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HTML Coding

Basics of Web Publishing: Special Characters

Note: The HTML pages are out-of-date and will not be updated.

HTML codes use special characters including the left bracket (<), right bracket (>), ampersand (&), and quote (") to represent certain attributes (starting a tag, ending a tag, etc.). In order for you to be able to visually present these characters, you need to use special referencing. Also, you may occasionally need to use extended characters, which are characters not found on the keyboard, such as those used in foreign languages (like the ñ used in many Spanish words).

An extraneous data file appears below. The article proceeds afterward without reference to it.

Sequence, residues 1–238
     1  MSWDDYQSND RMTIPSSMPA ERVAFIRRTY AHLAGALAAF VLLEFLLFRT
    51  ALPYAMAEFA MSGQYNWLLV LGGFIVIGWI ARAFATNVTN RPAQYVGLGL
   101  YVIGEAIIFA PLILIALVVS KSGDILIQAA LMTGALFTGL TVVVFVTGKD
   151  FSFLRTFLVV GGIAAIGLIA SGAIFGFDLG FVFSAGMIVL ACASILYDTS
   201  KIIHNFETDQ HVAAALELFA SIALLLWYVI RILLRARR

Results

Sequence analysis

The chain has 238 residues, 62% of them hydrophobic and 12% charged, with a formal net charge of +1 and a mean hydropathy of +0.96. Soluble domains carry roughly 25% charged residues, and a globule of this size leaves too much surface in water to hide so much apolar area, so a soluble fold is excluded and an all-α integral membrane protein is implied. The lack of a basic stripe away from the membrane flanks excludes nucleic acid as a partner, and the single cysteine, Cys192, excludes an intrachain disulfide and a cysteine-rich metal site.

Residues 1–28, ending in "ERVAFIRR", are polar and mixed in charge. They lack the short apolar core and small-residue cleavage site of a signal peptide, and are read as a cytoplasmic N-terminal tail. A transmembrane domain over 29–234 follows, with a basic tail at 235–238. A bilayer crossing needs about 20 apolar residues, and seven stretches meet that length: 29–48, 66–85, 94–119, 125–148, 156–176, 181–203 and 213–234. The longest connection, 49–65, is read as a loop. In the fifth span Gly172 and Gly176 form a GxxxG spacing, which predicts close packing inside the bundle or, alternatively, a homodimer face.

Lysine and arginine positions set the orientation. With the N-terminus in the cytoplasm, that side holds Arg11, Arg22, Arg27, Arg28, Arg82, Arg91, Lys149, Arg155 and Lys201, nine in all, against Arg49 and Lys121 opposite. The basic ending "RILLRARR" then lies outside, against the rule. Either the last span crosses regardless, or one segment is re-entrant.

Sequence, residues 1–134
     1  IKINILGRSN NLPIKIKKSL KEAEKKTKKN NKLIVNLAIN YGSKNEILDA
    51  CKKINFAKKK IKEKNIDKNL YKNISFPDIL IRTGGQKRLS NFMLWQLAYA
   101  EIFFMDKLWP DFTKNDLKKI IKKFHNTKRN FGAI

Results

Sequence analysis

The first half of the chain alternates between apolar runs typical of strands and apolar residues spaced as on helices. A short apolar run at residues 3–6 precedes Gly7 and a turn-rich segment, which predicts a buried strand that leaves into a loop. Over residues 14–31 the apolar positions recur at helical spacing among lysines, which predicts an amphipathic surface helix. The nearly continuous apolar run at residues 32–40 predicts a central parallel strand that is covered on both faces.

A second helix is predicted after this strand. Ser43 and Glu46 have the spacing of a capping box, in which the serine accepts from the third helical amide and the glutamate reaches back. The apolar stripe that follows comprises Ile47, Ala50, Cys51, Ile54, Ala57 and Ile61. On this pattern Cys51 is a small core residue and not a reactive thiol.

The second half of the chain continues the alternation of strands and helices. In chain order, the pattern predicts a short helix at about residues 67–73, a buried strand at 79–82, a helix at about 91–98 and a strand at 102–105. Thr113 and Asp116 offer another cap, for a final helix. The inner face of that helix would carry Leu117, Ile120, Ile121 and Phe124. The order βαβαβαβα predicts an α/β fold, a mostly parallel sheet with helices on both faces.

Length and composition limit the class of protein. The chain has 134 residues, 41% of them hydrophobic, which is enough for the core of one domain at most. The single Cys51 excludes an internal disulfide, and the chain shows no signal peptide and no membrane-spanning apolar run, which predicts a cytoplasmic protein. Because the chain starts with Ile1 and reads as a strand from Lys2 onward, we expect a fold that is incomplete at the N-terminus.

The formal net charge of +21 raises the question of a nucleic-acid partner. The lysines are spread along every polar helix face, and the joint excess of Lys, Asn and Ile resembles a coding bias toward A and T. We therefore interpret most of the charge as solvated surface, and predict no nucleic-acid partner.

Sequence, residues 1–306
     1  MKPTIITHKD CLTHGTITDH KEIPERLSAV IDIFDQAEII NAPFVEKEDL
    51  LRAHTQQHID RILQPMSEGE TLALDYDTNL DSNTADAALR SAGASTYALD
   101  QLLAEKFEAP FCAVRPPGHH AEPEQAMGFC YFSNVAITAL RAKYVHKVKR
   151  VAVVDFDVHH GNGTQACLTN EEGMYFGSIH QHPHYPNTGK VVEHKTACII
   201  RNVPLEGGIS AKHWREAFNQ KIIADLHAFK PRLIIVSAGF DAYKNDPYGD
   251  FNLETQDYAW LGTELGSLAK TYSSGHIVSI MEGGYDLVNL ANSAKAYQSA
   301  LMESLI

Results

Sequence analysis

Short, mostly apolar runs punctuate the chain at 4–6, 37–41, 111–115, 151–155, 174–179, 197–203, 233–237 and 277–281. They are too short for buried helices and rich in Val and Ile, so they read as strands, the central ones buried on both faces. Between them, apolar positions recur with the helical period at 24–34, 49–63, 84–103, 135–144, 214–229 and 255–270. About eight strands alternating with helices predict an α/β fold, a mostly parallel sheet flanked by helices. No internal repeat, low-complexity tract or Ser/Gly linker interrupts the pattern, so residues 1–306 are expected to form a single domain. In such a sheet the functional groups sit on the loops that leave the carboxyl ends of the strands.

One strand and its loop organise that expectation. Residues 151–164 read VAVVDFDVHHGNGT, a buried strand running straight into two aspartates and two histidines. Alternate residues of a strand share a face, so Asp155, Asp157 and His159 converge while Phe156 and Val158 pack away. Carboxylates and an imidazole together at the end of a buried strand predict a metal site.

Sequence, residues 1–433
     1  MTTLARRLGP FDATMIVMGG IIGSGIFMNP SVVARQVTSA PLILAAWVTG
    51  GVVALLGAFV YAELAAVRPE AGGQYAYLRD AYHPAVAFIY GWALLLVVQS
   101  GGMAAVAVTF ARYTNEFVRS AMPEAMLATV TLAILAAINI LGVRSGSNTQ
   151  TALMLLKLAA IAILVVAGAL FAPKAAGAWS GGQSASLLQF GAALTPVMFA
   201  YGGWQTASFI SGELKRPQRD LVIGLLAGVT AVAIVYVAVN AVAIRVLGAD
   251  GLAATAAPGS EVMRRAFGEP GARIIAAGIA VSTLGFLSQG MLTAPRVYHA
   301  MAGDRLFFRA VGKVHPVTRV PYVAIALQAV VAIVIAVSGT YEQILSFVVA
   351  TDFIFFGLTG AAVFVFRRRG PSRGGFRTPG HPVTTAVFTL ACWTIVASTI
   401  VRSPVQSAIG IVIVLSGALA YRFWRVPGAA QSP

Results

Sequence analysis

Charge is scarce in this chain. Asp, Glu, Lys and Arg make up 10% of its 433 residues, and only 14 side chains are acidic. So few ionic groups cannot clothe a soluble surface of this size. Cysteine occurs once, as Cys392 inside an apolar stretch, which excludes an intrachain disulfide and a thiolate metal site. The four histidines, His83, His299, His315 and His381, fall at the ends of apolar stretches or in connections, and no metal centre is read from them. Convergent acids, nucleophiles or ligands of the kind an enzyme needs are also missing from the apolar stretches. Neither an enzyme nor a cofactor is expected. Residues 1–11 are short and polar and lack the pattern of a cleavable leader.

Two formats can be used to do this--code number (character reference) and phonetic reference (entity reference). Although the entity reference is commonly used for special characters, it is better to use character reference with extended characters because not all browsers recognize entity references.

For a complete listing of codes, check out the University of Toronto's

Character Listing at: http://www.utoronto.ca/webdocs/HTMLdocs/NewHTML/iso_table.html

Entity Listing at: http://www.utoronto.ca/webdocs/HTMLdocs/NewHTML/entities.html

return to topCommonly Used Special Characters

Symbol Character Codes Entity Codes
Less Than (<)
&#60;
&lt;
Greater Than (>)
&#62;
&gt;
Ampersand (&)
&#38;
&amp;
Quote (")
&#34;
&quote;
Copyright Symbol (©)
&#169;
&copy;
Registered Trademark (®)
&#174;
&reg;
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